A Legacy of Reaching Students

Brian Musser, Baptist Campus Minister at Drexel University

Recently, Baptist Campus Ministries (BCM) in Pennsylvania and South Jersey (PA/SJ) celebrated a milestone. Robert Turner, the first and only campus ministry director, retired after 29 years of service. In a precedent-setting transition, he passed the responsibilities for campus ministry strategy in the state of PA/SJ over to Stanley Williams. I had the opportunity to talk with each of them about how PA/SJ has tried to multiply the work on campuses and support existing work in the past and what is possible in the future.

I asked Robert how he prioritized where to start new works. He stated that it was a mixture of strategy and what he termed a “Macedonian call.” It was strategic for him to look for ways to get a ministry presence on our 14 state university institutions. However, it was also important for him to be able to respond to churches asking for help to connect with the campus down the street from them. In a few instances, like California University of Pennsylvania and Edinboro University, which are both in the Pennsylvania state university system and have local churches asking for help, strategy and call intersected. But there are other schools, Mansfield University, Bloomsburg University, Slippery Rock University, and East Stroudsburg University, where the strategy is still looking for support in order to come to fruition.

Stanley Williams, a veteran of Baptist Campus Ministry in Philadelphia and Chicago, has a similar list of schools in the region that we need to engage with a new work. Schools like the University of Pittsburgh and Carnegie Melon, where we have had work in the past but are no longer active, and the state schools of Slippery Rock, Kutztown and East Stroudsburg, make his top five list for the entire state. But Stanley also has a list of schools specifically in the Philadelphia region starting with Temple University, the University of the Arts, Rowan University in New Jersey, the Community College of Philadelphia (which has a separate article on this page), and local branches of the Pennsylvania State University system (which is unique from the state university system), Penn State Brandywine, Great Valley and Abington. With approximately 388 different universities, colleges, community colleges and trade school campuses of which 166 are four-year institutions of higher education, Pennsylvania has plenty of possibilities for starting new work and about 750,000 students to reach while doing it.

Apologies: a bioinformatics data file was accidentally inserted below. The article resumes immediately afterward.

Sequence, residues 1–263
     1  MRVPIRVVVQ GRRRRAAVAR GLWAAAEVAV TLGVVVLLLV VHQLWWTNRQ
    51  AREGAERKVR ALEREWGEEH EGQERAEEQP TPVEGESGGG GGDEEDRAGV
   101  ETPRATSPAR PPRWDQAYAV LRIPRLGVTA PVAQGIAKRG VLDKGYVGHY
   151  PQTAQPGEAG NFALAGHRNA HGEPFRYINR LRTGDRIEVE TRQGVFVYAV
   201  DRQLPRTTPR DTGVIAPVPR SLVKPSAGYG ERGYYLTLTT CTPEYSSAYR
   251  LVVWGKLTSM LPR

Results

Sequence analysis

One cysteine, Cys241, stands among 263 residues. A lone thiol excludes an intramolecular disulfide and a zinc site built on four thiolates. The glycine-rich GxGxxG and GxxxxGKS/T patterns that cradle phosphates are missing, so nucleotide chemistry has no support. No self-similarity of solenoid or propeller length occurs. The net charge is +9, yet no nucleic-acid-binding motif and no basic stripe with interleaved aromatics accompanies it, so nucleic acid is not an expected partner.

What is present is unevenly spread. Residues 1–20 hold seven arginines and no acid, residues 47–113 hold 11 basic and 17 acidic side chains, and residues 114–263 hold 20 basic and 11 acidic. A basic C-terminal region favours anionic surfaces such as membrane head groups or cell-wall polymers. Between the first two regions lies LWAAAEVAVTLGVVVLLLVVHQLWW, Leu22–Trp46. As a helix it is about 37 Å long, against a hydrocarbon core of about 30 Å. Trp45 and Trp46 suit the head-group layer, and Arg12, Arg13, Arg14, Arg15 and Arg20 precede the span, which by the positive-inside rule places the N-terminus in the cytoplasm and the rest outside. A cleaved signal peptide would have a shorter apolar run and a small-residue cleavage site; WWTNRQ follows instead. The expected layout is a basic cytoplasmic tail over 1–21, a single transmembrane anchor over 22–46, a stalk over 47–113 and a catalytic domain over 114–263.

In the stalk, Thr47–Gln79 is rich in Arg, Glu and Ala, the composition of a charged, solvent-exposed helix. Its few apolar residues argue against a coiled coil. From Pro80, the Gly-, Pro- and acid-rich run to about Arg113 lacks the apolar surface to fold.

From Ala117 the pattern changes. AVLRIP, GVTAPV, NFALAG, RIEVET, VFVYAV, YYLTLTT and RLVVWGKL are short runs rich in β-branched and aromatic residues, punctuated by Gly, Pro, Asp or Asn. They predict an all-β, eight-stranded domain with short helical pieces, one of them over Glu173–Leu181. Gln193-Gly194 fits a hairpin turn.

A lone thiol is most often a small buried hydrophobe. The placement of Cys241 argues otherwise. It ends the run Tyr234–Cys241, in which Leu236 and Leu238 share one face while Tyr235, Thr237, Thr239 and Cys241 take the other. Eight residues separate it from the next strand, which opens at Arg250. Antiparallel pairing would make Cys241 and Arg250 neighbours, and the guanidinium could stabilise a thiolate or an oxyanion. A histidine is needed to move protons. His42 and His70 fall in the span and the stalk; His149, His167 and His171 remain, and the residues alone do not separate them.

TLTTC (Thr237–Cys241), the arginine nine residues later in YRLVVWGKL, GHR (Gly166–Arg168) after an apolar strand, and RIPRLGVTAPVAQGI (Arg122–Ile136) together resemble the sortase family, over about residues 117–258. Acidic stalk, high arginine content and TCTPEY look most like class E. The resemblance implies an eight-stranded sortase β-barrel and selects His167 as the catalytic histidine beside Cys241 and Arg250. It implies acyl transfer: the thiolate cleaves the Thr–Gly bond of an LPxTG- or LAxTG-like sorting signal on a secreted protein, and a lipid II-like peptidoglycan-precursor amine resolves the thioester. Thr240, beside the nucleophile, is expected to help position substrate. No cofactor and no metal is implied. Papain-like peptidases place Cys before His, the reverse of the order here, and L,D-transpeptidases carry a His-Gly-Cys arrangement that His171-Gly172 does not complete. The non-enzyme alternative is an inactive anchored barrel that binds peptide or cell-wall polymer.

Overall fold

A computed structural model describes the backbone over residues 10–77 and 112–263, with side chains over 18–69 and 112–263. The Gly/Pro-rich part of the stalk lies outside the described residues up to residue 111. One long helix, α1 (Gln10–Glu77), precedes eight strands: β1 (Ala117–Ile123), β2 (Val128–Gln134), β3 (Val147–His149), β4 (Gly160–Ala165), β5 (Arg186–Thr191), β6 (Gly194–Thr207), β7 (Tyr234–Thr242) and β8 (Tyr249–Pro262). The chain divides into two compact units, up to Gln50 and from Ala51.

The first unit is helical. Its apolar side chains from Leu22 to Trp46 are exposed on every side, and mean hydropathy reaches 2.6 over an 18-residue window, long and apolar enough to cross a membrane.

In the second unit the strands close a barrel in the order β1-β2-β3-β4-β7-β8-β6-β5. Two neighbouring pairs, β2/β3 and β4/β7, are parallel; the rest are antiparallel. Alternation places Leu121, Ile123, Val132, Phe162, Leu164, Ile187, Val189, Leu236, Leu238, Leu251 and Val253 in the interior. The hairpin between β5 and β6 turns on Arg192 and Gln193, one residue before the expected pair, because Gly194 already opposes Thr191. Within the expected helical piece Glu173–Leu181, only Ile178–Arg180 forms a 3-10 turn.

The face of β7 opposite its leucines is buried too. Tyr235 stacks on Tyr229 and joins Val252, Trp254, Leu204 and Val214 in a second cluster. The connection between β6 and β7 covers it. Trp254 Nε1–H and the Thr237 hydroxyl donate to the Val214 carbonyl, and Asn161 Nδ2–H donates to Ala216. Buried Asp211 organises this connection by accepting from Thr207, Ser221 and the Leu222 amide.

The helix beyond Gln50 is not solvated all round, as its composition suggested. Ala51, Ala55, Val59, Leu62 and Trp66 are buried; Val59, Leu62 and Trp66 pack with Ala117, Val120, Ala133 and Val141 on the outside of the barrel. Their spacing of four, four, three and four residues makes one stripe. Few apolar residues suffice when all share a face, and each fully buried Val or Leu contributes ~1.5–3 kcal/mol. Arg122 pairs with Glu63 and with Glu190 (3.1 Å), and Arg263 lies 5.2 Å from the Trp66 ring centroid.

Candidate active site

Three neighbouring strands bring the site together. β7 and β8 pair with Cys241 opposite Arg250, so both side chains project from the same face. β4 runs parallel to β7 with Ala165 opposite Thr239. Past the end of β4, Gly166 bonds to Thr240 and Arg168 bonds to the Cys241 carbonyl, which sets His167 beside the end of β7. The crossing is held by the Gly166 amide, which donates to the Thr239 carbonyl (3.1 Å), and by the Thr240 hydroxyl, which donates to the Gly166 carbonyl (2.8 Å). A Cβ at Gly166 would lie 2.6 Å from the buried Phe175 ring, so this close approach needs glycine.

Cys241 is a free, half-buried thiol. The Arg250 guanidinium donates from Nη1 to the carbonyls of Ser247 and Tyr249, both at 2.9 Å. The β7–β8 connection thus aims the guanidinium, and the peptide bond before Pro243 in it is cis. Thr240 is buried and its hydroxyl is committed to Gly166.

Robert likes to use a metaphor based on St. Augustine Grass when discussing establishing new work. St. Augustine Grass grows by sending out runners from the original plant. But those runners then form nodes that put down their own roots. Quickly, those runners with their own root system, although still connected to and part of the original plant, can become self-sufficient, send out their own runners, and even send support back to the original plant. New work on campuses has to be rooted in such a way that they develop self-sufficiency, that they can start other new works, and with the possibility that what was once the new work could develop into the anchor for the entire system. Three specific pieces come together to create a place to launch a new work with this kind of potential.

  1. An open door with the university. 

Where can we develop a trusting relationship with a university? On many of these campuses, we will be introducing ourselves for the first time. They will not have any preconceived ideas, positive or negative, about what Baptist Campus Ministry is. They may or may not have a history with any evangelical Christian student ministry. If they do have a history, that history may or may not be one of respect and partnership. Often, we have to earn the trust of the university long before we will be given access to their campus, especially with the high percentage of private institutions in the Northeast.